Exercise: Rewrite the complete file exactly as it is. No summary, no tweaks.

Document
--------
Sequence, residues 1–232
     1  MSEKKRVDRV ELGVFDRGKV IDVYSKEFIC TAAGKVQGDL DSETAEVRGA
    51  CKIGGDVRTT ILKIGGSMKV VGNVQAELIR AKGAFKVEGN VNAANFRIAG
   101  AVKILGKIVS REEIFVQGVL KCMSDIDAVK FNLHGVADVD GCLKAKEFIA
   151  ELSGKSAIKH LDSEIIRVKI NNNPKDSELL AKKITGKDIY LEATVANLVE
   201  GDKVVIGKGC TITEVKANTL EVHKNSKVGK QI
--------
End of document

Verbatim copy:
Sequence, residues 1–232
     1  MSEKKRVDRV ELGVFDRGKV IDVYSKEFIC TAAGKVQGDL DSETAEVRGA
    51  CKIGGDVRTT ILKIGGSMKV VGNVQAELIR AKGAFKVEGN VNAANFRIAG
   101  AVKILGKIVS REEIFVQGVL KCMSDIDAVK FNLHGVADVD GCLKAKEFIA
   151  ELSGKSAIKH LDSEIIRVKI NNNPKDSELL AKKITGKDIY LEATVANLVE
   201  GDKVVIGKGC TITEVKANTL EVHKNSKVGK QI